Before this class Digital Asia, I had never heard the term or concept of  autoethnography, but after doing a little research it became clear that it is quite a controversial scientific method with varying degrees of respect from the scientific community. Carolyn Ellis and associates provide a detailed overview of the practice of autoethnography:

Autoethnography is a form of research that requires the author to immerse themselves in the subject matter and to “analyze their own personal experience in order to understand cultural experience”. (Ellis et al., 2011)

This definition and discussion in class took me back to year 11 psychology in high school, and the difficulty of studying a science that cannot be directly observed or quantified. Just like autoethnography, psychology was also perceived as an unprofessional domain as much of the research involves making assumptions and drawing conclusions without physical concrete evidence.

But I found this kind of study interesting, because it wasn’t simply a right or wrong answer, but instead a series of observations and connections that were specific to each expert.

I had the thought that it would be interesting to use the process of autoethnography as a tool for studying psychology, and it is actually quite a popular avenue. Peter McIlveen from the university of southern Queensland suggests the use of autoethnography as a reflexive research tool in vocational psychology (McIlveen, 2008).

‘The narrative approach in psychology represents an ontological and epistemological stance generative of theory, research, and practice which comprehends the person as a social construction perpetually formed and reformed in and of socially mediated discourse, talk, text, and image.’ (McIlveen, 2008)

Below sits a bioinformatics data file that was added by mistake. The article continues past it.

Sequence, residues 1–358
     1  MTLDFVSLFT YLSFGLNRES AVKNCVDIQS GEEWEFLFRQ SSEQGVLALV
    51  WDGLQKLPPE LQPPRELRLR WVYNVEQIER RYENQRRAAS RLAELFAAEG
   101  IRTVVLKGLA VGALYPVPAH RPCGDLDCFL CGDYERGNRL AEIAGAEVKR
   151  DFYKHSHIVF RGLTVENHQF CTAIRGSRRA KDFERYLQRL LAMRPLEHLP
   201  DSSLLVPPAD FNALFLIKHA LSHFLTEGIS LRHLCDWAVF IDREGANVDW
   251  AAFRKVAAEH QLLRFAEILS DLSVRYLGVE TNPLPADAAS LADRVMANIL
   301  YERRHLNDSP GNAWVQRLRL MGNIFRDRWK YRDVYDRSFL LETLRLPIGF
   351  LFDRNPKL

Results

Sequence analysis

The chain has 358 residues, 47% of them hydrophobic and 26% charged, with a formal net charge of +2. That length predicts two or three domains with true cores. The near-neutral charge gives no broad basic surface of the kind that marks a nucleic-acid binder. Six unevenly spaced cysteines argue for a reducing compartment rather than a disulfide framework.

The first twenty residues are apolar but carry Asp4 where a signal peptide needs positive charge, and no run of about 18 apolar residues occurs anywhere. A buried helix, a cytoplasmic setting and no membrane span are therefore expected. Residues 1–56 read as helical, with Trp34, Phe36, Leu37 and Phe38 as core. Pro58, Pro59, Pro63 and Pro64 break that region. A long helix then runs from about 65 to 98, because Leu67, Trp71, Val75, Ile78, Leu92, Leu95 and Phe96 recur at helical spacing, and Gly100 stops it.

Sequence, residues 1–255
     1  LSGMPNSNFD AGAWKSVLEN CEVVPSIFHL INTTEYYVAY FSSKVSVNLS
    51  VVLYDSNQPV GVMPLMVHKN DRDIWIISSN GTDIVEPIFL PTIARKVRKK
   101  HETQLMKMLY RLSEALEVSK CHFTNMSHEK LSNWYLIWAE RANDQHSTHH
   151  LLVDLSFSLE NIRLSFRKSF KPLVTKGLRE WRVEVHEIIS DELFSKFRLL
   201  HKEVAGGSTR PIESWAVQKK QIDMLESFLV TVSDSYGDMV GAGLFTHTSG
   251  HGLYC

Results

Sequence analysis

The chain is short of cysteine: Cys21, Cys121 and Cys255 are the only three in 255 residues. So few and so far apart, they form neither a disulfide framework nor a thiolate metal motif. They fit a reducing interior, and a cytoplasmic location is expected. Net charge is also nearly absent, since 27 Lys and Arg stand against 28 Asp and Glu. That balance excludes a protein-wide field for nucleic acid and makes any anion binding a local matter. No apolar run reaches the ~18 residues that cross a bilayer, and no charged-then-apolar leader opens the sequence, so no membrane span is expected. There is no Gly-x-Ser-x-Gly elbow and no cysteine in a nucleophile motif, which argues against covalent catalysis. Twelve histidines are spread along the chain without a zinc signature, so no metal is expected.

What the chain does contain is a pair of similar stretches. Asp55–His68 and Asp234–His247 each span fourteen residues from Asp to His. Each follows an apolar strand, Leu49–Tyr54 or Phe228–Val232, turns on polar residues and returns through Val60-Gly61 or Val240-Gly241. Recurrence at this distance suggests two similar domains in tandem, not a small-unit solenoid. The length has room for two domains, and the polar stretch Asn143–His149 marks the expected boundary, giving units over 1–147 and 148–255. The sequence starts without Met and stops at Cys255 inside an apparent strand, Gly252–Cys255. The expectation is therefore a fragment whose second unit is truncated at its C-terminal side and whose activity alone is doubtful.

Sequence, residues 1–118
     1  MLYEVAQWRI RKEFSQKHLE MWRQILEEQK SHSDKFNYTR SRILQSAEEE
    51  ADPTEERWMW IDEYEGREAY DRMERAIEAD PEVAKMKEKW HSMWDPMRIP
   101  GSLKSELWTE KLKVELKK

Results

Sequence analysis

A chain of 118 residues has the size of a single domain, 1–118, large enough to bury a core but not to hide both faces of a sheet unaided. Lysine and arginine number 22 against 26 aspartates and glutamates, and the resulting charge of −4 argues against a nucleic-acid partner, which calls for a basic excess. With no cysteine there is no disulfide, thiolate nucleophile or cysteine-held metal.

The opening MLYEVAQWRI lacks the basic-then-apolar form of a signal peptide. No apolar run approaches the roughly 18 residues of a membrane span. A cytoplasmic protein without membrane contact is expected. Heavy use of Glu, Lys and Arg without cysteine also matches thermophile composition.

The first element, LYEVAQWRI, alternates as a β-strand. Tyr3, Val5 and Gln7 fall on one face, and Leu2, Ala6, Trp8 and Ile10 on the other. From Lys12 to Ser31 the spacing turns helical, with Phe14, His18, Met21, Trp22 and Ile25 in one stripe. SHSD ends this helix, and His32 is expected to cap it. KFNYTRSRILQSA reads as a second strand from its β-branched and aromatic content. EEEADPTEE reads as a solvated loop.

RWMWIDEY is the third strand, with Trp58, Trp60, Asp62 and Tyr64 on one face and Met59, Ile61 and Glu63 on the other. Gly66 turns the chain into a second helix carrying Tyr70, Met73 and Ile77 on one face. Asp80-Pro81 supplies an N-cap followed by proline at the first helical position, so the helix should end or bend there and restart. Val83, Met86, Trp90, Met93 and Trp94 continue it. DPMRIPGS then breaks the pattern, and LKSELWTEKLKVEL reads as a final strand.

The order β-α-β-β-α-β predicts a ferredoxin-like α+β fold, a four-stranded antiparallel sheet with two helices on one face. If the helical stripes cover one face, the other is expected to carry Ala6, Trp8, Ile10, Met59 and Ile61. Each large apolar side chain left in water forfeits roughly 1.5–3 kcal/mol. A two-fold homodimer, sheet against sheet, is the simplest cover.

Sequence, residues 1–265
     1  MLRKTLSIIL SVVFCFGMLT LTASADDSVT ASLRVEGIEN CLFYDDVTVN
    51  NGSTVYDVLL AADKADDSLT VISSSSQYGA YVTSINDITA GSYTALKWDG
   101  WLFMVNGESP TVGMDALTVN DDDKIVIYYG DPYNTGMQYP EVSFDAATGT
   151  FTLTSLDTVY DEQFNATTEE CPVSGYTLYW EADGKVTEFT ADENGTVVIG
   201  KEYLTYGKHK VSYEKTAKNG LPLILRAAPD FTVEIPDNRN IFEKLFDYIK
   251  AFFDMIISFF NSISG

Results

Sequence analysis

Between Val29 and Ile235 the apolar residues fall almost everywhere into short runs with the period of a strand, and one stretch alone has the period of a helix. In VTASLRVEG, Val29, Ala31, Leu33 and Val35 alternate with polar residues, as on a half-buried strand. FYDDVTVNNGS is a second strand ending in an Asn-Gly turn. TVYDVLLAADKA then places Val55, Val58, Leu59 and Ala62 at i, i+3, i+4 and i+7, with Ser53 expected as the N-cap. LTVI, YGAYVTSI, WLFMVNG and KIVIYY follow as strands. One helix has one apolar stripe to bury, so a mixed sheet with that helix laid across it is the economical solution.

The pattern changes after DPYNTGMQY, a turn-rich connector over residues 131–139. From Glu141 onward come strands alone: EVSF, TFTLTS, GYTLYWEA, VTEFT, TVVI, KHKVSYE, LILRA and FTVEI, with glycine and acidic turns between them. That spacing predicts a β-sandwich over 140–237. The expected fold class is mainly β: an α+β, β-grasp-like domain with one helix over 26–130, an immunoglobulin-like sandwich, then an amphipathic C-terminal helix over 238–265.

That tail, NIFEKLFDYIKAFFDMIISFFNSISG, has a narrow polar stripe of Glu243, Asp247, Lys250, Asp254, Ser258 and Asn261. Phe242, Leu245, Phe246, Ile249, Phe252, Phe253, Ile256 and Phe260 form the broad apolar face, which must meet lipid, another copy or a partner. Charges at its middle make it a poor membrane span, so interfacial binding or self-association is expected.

Because of the qualitative rather than quantitative nature of autoethnography in combination with reflexive study, many experts believe that this process is too bias to be counted as a reliable research tool. An individual whilst trying to remain objective may be ignorant of their own bias, much like actual ability and perceived ability in psychology.

As part ethnography, autoethnography is dismissed for social scientific standards as being insufficiently rigorous, theoretical, and analytical, and too aesthetic, emotional, and therapeutic (Ellis et el., (2011)

I believe that autoethnography can be a very informative and enlightening way of researching particular aspects that may not be as easy to quantify or nail down. As long as there an understanding of the process and potential bias is taken into consideration i could prove to be a very popular method of understanding cultural perspectives.



Ellis, C., Adams, T.E., and Bochner, A.P. (2011) ‘Autoethnography: An Overview’, Forum: Qualitative Social Research, 12:1. Available at:

McIlveen, P. (2008). Autoethnography as a Method for Reflexive Research and Practice in Vocational Psychology. Australian Journal of Career Development, 17(2), pp.13-20.

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